Commons, science get facelift

Renovation project begins this summer

Ingrid Lam and Brittany Jimena

The outdated school commons and science building  will be renovated this summer, finally modernizing some of the oldest buildings on campus.

The renovation project, funded by Measure D, will include the modernization of the two-story science building and the school’s kitchen and commons area.

These are the only facilities on campus that have not been received a major renovation since Cal opened in 1973.

“The science buildings are seriously run down. They’re long due for a renovation,” said junior Rhianne Kweillen. “The floor of my chemistry classroom is yellow and the desks creak all the time. The lab stations are disgusting too.”

In the last 15 years, Cal has gone through major renovations including construction of the following: the two-floor world language building in 2004; the three-floor main building and library in 2006; the counseling building in 2007; the fine arts building in 2008; the Event Center and Theater in 2010.

The  school’s 12 year  renovation project was completed with the installation of solar panels in the back parking lot in the summer of 2011.

The modernization of Cal’s kitchen and commons area may include new food court type stations in the commons, faster and more efficient service lines, and a renovation of the kitchen to make it more efficient and up-to-date, according to buildsrvschools.org.

The renovation of the commons is being designed by SVA Architects and is estimated to cost around $2.15 million. Construction is tentatively expected to finish in the fall of 2018.

Cal athletic director Arley Hill, who also oversees school facilities, said Cal’s commons will be renovated to increase the capacity of students it can accommodate.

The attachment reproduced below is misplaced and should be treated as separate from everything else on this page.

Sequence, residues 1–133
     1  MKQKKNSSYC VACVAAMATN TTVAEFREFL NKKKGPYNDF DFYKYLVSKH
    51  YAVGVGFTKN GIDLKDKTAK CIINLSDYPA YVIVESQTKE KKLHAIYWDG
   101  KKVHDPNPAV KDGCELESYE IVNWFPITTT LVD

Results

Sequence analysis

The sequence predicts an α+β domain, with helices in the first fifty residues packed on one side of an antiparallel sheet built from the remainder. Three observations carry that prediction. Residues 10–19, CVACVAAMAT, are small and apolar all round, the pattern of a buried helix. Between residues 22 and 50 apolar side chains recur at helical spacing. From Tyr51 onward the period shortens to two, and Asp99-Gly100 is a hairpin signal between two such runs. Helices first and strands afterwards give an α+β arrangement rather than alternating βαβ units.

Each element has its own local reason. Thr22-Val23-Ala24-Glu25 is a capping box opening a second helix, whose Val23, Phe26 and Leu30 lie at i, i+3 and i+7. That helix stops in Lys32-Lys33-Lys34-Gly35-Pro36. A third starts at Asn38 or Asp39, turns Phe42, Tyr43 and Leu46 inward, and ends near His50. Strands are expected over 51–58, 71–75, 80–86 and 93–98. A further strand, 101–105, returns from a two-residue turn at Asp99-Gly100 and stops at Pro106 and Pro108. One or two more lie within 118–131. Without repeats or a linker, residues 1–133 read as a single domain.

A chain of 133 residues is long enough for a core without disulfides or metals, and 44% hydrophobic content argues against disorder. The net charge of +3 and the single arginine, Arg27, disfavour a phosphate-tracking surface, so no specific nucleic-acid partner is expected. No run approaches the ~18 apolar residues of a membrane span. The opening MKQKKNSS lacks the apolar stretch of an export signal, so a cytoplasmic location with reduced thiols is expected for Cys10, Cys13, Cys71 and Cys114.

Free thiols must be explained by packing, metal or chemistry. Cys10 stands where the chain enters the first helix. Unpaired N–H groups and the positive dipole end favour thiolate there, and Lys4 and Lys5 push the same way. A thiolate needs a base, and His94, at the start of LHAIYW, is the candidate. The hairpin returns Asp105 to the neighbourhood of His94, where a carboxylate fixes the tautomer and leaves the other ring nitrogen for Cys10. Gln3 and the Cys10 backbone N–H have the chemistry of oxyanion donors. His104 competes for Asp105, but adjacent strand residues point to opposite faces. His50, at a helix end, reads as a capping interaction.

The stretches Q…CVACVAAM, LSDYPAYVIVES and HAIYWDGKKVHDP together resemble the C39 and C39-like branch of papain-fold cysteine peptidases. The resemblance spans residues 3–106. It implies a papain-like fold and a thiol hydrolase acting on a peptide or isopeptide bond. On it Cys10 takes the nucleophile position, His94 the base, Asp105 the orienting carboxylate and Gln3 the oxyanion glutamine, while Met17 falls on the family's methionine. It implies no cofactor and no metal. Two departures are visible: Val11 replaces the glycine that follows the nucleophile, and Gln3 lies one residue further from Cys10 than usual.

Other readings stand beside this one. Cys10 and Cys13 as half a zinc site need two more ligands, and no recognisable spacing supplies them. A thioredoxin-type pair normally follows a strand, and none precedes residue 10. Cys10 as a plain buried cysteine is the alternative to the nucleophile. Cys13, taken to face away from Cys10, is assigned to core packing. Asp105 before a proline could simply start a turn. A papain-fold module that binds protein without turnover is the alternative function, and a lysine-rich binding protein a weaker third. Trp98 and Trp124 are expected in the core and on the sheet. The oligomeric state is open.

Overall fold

This comes as a welcome change for many Cal students, who find the commons to be crowded and cramped.

“I think [the renovation] is definitely necessary,” said freshman Heather Huang. “My friends and I are always sitting on the ground because there’s nowhere else to sit, and it’d be really nice to have some place besides the ground to sit for lunch.”

Students will still be able to use the commons and the science building during renovations.

The science building renovations will include improvements to the classrooms, technology, storage, and equipment. In addition, there will be renovation of teacher prep rooms for more efficient use of space for storage, lab preparation, and collaboration.

“I know personally that my chemistry classroom is really old,” said sophomore Kylie Arnold. “Blackboards are still being used there, and the lab stations are really dirty, even though we clean them off every time we use them.”

Hill said second floor classrooms where the chemistry department is located will have the size of their sinks increased. Projectors will be attached to the ceiling, and the old blackboards will be replaced by whiteboards.

The first floor classrooms, where the biology classes are located, will see updates in science equipment and utilities.

The prep rooms of the science building will be refurbished as well, with dishwashers, ovens, and counter space being improved and replaced.

“It’s all internal, nothing external,” Hill said.

The science building renovations are estimated to cost about $4.78 million, according to buildsrvschools.org.

All of these renovations are funded by the “San Ramon Valley Unified School District Modernization and Improvement Measure,” also known as Measure D, which was approved by voters in 2012.

This proposition authorized the district to issue and sell bonds of up to $260 million to provide financing for specific school facilities projects. It also qualified the district to receive state matching grant funds, according to smartvoter.org.

On March 10, 2015, the school board voted to accelerate the 2012 Measure D bond issuance, which in turn allowed for another $125 million addition to the initial $260 million.

Earlier this year, it was recommended that the district install two portables on campus this summer to help combat Cal’s growing student population. But Hill said that won’t be happening.

“We haven’t hit our student per teacher ratio yet,” he said. “When we do hit it, the district will bring in portables.”

District spokesperson Elizabeth Graswich wrote in an email that the portables are now planned for the summer of 2017.